Pre-pregnancy, a cold or cough might not have stopped you in your tracks. You would stop by your local pharmacy and pick up an over-the-counter medication to help you get on with your day.

But now that you're pregnant, even a sniffle can cause more discomfort than before, especially since you might not be sure what you can (or can't) take. Of course, you should always check with your health care provider, but we have reprinted the following chart from U.S. Pharmacist to give you an overview on the safety of OTC medications during pregnancy.

 

THERAPEUTIC CATEGORY

PREGNANCY CATEGORY

DOSAGE

POTENTIAL CONCERNS IN PREGNANCY
(Evaluate for contraindications
prior to use.)

Analgesics

Acetaminophen
(Tylenol)

B

325-1,000 mg (every 4-6 hrs - max 4,000 mg/day)

Preferred analgesic in pregnancy.

NSAIDs
(multiple)

B (1st and 2nd triemsters)

D (3rd trimester)

 Ibuprofen 200-400 mg every 4-6 hours (max 1,200 mg/day); naproxen 200 mg every 8-12 hours (max 600 mg/day); ketoprofen 12.5 mg every 6-8 hours (max 75 mg/day)

Avoid in first trimester.

Use smallest effective dose.

Salicylates

Aspirin
(Anacin, others)

D

N/A

Not recommended unless under direct approval and supervision of physician.

Decongestants

Pseudoephedrine
(Sudafed)

C

30-60 mg every 4-6 hours (max 240 mg/day)

Oral decongestant of choice in pregnancy but avoid in first trimester. Possible link to gastroschisis.

Oxymetazoline
nasal

C

2-3 sprays per nostril every 10-12 hours (max 2 doses/day)

Nasal decongestant of choice in pregnancy. Avoid use for longer than 3 days.

Antitussive/Expectorant

Guaifenesin (Robitussin)

C

200-400 mg every 4 hours (max 2,400 mg/day)

Avoid in first trimester.
Possible link to inguinal hernia.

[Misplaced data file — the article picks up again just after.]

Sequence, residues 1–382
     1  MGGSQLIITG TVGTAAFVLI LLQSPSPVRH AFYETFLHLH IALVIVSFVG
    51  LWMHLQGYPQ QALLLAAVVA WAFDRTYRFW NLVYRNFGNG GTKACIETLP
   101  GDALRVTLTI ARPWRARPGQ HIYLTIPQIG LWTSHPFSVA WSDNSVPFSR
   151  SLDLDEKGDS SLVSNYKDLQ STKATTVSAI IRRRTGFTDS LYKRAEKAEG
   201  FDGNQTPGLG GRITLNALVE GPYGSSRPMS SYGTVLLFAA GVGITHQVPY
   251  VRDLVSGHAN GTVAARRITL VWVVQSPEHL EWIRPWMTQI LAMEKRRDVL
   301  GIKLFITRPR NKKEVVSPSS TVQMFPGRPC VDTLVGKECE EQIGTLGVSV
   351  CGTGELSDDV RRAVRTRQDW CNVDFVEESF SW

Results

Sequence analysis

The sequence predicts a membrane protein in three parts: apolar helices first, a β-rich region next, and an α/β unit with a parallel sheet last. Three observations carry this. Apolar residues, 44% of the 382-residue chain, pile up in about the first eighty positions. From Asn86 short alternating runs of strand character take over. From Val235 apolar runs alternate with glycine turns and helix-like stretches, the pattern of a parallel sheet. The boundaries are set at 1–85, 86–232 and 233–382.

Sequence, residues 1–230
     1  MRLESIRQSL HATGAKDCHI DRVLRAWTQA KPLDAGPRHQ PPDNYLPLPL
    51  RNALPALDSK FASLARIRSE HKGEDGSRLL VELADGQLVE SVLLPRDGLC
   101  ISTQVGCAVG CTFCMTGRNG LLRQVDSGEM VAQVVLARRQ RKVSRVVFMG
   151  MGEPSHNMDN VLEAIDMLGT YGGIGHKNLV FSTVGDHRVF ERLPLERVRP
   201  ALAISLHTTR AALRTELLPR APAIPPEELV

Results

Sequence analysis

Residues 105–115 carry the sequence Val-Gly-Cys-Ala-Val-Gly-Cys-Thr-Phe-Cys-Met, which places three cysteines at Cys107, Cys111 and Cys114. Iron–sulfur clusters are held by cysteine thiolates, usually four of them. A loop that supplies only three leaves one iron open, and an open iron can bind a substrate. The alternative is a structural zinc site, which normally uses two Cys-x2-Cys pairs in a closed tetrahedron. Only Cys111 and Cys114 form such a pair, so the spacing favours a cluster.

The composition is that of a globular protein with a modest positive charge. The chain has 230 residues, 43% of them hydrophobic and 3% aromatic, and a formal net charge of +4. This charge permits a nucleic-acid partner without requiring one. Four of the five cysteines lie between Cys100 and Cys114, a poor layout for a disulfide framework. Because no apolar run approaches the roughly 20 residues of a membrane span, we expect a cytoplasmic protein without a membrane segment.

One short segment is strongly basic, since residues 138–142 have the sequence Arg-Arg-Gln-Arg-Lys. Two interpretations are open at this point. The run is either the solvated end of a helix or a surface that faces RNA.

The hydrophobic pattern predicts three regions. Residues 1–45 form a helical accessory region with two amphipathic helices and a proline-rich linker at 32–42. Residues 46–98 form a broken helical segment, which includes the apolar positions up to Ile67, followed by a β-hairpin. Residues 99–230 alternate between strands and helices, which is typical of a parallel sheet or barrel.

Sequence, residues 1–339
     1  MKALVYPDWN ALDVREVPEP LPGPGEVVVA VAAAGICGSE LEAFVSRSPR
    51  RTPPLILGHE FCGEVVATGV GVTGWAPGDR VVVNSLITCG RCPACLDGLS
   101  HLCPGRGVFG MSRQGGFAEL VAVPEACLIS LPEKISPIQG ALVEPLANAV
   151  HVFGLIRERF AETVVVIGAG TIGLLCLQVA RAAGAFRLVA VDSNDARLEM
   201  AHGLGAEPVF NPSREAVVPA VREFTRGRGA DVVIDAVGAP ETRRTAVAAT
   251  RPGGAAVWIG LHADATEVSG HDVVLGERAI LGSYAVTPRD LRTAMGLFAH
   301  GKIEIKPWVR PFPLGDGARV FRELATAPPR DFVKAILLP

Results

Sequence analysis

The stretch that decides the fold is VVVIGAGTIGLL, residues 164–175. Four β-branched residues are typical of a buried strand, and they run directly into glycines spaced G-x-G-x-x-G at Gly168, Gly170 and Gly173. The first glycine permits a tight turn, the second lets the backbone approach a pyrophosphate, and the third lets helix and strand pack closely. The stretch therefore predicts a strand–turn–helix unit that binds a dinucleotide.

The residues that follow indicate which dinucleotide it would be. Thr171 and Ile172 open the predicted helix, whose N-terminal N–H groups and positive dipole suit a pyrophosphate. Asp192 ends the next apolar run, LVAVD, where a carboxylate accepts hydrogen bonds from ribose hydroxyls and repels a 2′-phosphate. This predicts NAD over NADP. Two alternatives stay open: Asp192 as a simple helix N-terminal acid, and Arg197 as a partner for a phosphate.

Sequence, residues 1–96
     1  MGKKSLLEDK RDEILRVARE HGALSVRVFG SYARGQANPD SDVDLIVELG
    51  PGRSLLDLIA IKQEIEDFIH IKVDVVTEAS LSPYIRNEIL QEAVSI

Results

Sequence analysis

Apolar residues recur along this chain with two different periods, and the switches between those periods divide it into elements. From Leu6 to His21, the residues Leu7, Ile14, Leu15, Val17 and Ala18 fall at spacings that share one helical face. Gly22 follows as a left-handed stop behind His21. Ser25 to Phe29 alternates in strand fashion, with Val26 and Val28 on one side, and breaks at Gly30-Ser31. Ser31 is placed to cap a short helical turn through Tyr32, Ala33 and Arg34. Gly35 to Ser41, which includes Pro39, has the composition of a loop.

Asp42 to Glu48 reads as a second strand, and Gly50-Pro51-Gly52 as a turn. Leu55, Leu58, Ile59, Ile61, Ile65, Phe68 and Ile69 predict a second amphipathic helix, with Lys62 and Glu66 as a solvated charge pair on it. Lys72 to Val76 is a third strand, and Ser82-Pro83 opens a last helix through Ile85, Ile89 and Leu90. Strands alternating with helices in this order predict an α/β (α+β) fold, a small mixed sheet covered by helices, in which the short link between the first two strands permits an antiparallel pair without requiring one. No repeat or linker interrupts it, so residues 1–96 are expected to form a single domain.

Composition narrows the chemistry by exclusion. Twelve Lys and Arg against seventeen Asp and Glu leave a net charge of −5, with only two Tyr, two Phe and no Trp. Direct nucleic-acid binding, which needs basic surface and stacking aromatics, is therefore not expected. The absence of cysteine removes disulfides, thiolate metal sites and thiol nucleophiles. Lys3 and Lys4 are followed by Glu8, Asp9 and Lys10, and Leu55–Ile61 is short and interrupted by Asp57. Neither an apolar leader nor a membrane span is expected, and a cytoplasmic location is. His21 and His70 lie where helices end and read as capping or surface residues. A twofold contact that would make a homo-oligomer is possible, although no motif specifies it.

Questionable efficacy.

Dextromethorphan (Robitussin CoughGels)

C

10-20 mg every 4 hours (max 120 mg/day)

Unknown role of N-methyl-o-aspartate receptor antagonism on fetal brain growth.
Questionable efficacy.

Antihistamines
(Avoid in third trimester due to possible link to retrolental fibroplasias and convulsions)

Brompheniramine (Dimetapp combination product)

C

4 mg every 4-6 hours (max 24 mg/day)

Possible link to malformations.

Chlorpheniramine (ChlorTrimeton)

B

4 mg every 4-6 hours (max 24 mg/day)

Antihistimine of choice in pregnancy.

Clemastine (Tavist)

B

1.34 mg every 12 hours (max 2.68 mg/day)

Possible link to limb reduction defects.

Diphenhydramine (Benadryl)

B

25-50 mg every 4-6 hours (max 300 mg/day)

Possible stimulation of uterine contractions at higher doses; possible like to polydactyly

Tripolidine (available in certain Actifed products)

C

2.5 mg every 4-6 hours (max 10 mg/day)

Possible malformations due to triprolidine or combination with pseudoephedrine.

 Miscellaneous

 Menthol/Camphor

Unknown

N/A

Due to insufficient information, patient should contact physician prior to use.

Echinacea

N/A

N/A

Avoid use in pregnancy.

Zinc and Vitamin C

Acceptable in appropriate doses

N/A

For cough/cold treatment, doses are higher than the recommended doses used for vitamin supplementation (e.g., prenatal vitamins) Use with caution, if at all.

 

 



What do those letters in 'Pregnancy Category' mean?

 

FDA Pregnancy Categories

PREGNANCY CATEGORY

CATEGORY DESCRIPTION

A

Human: Adequate, well-controlled studies in pregnant women have not shown an increased risk of fetal abnormalities in any trimester of pregnancy.
Animal:
N/A

B

Human: No adequate, well-controlled studies in pregnant women AND
Animal: No evidence of harm to the fetus OR
Human: Adequate, well-controlled studies in pregnant women have failed to demonstrate a risk to the fetus in any trimester AND
Animal: Studies have shown an adverse effect.

C

Human: No adequate, well-controlled studies in pregnant women AND
Animal: Studies have shown an adverse effect OR
Human: No adequate, well-controlled studies in pregnant women AND
Animal: No studies have been conducted.

D

Human: Adequate, well-controlled or observational studies in pregnant women have demonstrated a risk to the fetus. However, the benefits of therapy may outweigh the potential rish. For example, the drug may be acceptable if needed in a life-threatening situation or serious disease for which safer drugs cannot be used or are ineffective.

X

Adequate, well-controlled, or observational studies in animals pregnant women have demonstrated positive evidence of fetal abnormalities or risks. The use of the product is contraindicated in women who are or may become pregnant.

 

Chart reprinted with permission from U.S. Pharmacist. Originally published in March 2006. Always consult your health care practitioner before taking any medication. This chart has been provided for informational purposes only.